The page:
No direct evidence for cytotoxic edema in humans at altitude has been reported, but a large shift of fluid into the total intracellular space, presumably including the brain, was demonstrated to take place over the first three days at altitude, when AMS occurs. The time required for fluid shift and overhydration of the brain may explain the time lag in onset of symptoms, which distinguishes AMS from acute hypoxia. In support of the vasogenic theory, white-matter brain edema on magnetic resonance imaging (MRI) recently was demonstrated in persons with high altitude cerebral edema, and it may also occur in AMS.5 The leaky blood-brain barrier is due either to loss of autoregulation and overperfusion or to hypoxia-induced increased permeability. The fact that corticosteroids so effectively treat AMS also supports the notion of vasogenic edema, since this is the only type of cerebral edema responsive to steroids. Further research is likely to reveal that brain swelling is due to both cytotoxic and vasogenic mechanisms.
The cerebral edema, interstitial pulmonary edema, peripheral edema, and the antidiuresis observed in AMS all point to an abnormality of water handling by the body. The mechanism is thought to be increased renin-angiotensin, aldosterone, and ADH in contrast to the normal ADH and aldosterone suppression at high altitude, and usual diuresis. A decrease in glomerular filtration also has been observed. The effectiveness of diuretics in prevention and treatment of AMS reinforces the importance of fluid retention in the pathophysiology. Increased sympathetic activation is thought to play a role in the pulmonary and renal circulations contributing to the pathophysiology6 (see Fig 191-1).
Relative hypoventilation due to a sluggish hypoxic ventilatory response is a characteristic of AMS-susceptible individuals and has been linked to fluid retention. Hypoventilation, of course, results in greater hypoxic stress and is equivalent to being at a higher altitude. Higher Pa CO2 and lower PaO2 also increases cerebral blood flow and aggravates brain swelling. Less hypocapnia also may reduce the stimulus for bicarbonate diuresis and aggravate fluid retention.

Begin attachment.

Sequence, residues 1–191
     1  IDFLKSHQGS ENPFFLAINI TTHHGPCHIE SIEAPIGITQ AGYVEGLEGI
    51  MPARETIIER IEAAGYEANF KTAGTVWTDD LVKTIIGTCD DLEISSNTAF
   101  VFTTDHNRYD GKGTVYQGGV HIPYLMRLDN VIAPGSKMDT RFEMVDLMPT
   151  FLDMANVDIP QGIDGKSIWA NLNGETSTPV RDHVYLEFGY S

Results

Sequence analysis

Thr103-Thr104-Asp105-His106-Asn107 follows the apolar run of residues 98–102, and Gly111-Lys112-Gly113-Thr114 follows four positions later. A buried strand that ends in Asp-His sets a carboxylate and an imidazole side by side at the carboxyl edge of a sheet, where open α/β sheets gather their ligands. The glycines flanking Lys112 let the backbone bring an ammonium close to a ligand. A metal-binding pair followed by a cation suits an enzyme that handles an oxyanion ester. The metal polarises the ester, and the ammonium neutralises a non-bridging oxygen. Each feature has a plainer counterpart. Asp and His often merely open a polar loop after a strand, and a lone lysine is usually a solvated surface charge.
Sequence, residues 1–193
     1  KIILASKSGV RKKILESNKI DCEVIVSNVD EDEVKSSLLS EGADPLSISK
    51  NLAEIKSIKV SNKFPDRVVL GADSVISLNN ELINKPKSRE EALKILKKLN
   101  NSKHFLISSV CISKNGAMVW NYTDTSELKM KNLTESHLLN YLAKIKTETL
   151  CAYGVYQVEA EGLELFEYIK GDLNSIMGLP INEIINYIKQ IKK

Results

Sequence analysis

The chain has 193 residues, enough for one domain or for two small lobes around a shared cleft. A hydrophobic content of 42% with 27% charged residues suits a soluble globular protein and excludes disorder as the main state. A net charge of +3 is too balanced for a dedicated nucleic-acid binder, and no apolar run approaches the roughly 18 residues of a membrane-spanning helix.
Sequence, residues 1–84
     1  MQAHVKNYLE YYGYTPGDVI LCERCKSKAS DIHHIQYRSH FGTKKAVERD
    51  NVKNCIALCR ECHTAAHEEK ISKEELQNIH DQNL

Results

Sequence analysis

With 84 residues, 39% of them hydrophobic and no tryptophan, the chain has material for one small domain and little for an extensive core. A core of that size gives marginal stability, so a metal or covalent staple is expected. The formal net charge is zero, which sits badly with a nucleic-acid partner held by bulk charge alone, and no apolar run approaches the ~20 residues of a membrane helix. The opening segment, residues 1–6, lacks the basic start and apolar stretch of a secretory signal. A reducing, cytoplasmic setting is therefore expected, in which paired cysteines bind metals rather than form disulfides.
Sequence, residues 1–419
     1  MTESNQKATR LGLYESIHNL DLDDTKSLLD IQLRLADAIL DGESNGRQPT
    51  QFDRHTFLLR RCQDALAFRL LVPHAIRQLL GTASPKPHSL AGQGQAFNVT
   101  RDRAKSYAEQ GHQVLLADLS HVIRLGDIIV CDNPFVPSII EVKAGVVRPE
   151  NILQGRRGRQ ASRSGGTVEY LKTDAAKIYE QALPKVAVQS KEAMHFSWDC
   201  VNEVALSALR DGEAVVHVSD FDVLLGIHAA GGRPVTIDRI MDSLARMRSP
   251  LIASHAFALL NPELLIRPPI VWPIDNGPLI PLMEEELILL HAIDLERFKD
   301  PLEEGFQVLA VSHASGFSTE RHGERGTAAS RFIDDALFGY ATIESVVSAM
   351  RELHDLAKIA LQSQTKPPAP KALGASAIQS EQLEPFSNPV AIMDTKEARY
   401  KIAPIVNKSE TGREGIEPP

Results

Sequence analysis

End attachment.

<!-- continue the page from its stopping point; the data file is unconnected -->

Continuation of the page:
TREATMENT (Table 191-2) Descent and Oxygen The goals of treatment are to prevent progression, abort the illness, and improve acclimatization; early diagnosis is essential. Initial clinical presentation does not predict eventual severity, and all persons with AMS must be observed carefully for progression. The three principles of treatment are: (1) to not proceed to a higher sleeping altitude in the presence of symptoms; (2) to descend if symptoms do not abate or become worse despite treatment; and (3) to descend and treat immediately in the presence of a change in consciousness, ataxia, or pulmonary edema. Mild AMS is self-limited and generally improves with an extra 12 to 36 h of acclimatization if ascent is halted. Descent is the definitive treatment for all forms of altitude illness, although it is not always an option, nor always necessary. Remarkably, a drop in altitude of only 500 to 1000 m usually is effective promptly. Evacuation to a hospital or to sea level is unnecessary except in the most severe cases. To simulate descent, portable hyperbaric bags are being used in various locations to treat AMS. The patient is inserted into the fabric chamber, and a pressure of 2 psi is achieved by means of a manual or automated pump; the pressure is equivalent to a drop in altitude of 1500 m (5000 ft). A valve system creates sufficient ventilation to avoid CO 2 accumulation or O2 depletion.